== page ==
A solid theoretical foundation has been built over the years exploring the bibliographic work and developing cataloging rules and practices to describe the work in the traditional catalog. With the increasing prevalence of multiple manifestations of serial titles, as well as tools that automate discovery and retrieval, bibliographic control of serials at a higher level of abstraction is more necessary than ever before. At the same time, models such as the International Federation of Library Associations and Institutions’ Functional Requirements for Bibliographic Records offer new opportunities to control all bibliographic entities at this higher level and build more useful catalog displays. The bibliographic mechanisms that control the work for monographs-author, title, and uniform title-are weak identifiers for serials. New identifiers being adopted by the content industry are built on models and practices that are fundamentally different from those underlying the new bibliographic models. What is needed is a work identifier for serials that is both congruent with the new models and can enable us to meet the objective of providing work-level access to all resources in our catalogs.
I’ve made a new Aggregates category and put this and Ed Jones’s paper in it.
Ed Jones, of the National University Library in San Diego, California, has a paper called “The FRBR Model as Applied to Continuing Resources” in Library Resources and Technical Services 49 (4) (October 2005).
If you can’t get a copy of that, you could look through the slides of a presentation he gave at the ALA annual conference on 2 July 2004: The FRBR Model as Applied to Continuing Resources (229 KB PDF). (Here’s a conference trip report by Naomi Young that comments on that and a talk by Barbara Tillett.)
Ed Jones is co-chair of the CONSER Task Group on FRBR and Continuing Resources. See About CONSER if you want to know more about what they do.
Exciting news! The draft of RDA Part I is available! It’s true! You’ve been waiting to see how FRBR (and lots of other things) are changing our old friend Anglo-American Cataloguing Rules (AACR), and now you can start to get an idea.
This is just Part I, mind you. Drafts of Parts II and III will come next year. But there are a total of 182 pages in the PDF of the draft, so you have lots of good holiday reading. (The very last page is the end of Appendix D, and says, “D.2 OPAC Displays. [To be added]“. Tantalizing!) Here are the contents:
- Introduction to part I
- Chapter 1. General guidelines on resource description
- Chapter 2. Identification of the resource
- Chapter 3. Technical description
- Chapter 4. Content description
- Chapter 5. Information on terms of availability, etc.
- Chapter 6. Item-specific information
Section 0.4.1 says:
Chapters 2-6 each cover a set of descriptive data elements that support a particular user task (e.g., identify or select) and reflect attributes and relationships associated with one or more of the four primary entities defined in Functional Requirements for Bibliographic Records (FRBR) — work, expression, manifestation, and item — that support that task….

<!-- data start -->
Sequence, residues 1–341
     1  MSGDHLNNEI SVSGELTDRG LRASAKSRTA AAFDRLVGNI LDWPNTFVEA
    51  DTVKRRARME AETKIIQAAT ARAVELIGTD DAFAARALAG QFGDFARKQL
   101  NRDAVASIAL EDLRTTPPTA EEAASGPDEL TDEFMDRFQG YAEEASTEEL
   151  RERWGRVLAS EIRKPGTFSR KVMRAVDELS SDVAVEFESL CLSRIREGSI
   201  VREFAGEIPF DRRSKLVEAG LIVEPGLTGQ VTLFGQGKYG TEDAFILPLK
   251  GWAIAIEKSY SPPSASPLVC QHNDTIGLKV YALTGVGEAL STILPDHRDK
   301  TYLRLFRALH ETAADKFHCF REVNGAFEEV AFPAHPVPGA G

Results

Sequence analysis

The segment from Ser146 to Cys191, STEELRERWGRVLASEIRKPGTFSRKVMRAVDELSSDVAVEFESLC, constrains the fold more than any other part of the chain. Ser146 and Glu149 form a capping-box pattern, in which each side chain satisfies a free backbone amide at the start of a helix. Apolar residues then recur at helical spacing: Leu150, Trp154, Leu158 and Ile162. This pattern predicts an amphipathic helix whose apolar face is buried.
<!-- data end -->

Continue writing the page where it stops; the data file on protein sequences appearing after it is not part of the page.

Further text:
Instructions in chapters 2-6 are presented in groupings that correspond to the logical attributes of entities defined in FRBR. For example, in chapter 2, the “title” grouping covers instructions pertaining to all data elements subsumed under the attribute that FRBR defines as “title of the manifestation” (i.e., title proper, parallel title, variant title, key-title, etc.). In general, the arrangement of individual elements and groupings within each of the chapters in part I reflects the order in which their corresponding logical attributes are listed in FRBR.
The RDA Prospectus was revised last week. And they’ve set up RDA-L, a mailing list. I don’t know how much discussion there will be, but I imagine things will heat up over the next year or two as it comes near to final release in 2008. If there is good FRBR-related discussion then I’ll give a pointer to the list’s archives (when they’re on the web).
If you don’t know what AACR is or what everything in RDA means, then you may find it all pretty confusing. They are an enormous set of rules and guidelines for describing books, CDs, DVDs, maps, and anything else, so that you the user can find what you’re looking for in a catalogue. They can describe anything, and do so well enough that if you’re looking in a catalogue to see what is there or if the library has an exact particular thing, you can make a decision based on what’s in the catalogue without having to go to the library (which could be on the other side of the world) to look at the real things. (For books, subject headings are also added, which tell you what the book is about. Cataloguing rules like RDA don’t cover that.) The relationships in the FRBR model mean that what can appear to you in the catalogue, and the links that you’ll be able to follow to go from thing to thing, will be helpful and informative and make it easier for you to decide “Is this what I’m looking for?” or “Is this about what I’m interested in?” or “This is what I want — can I get it?” You may find online catalogues annoying and confusing, but lots of people want to make them better, and this is one of the ways they’re doing it.
Users care about authority control. Why? Because it’s a pain in the butt to have to click on 7 slightly differing entries for Gabriel Garcia Marquez to find all the relevant items in the catalog. The same thing happens with title authority control. I can’t wait for FRBR to take hold in our catalogs…either that, or this user-level authority control. Anything would be better than the messes we have to deal with now.
When full FRBRosity is achieved, authority control will fix all these problems.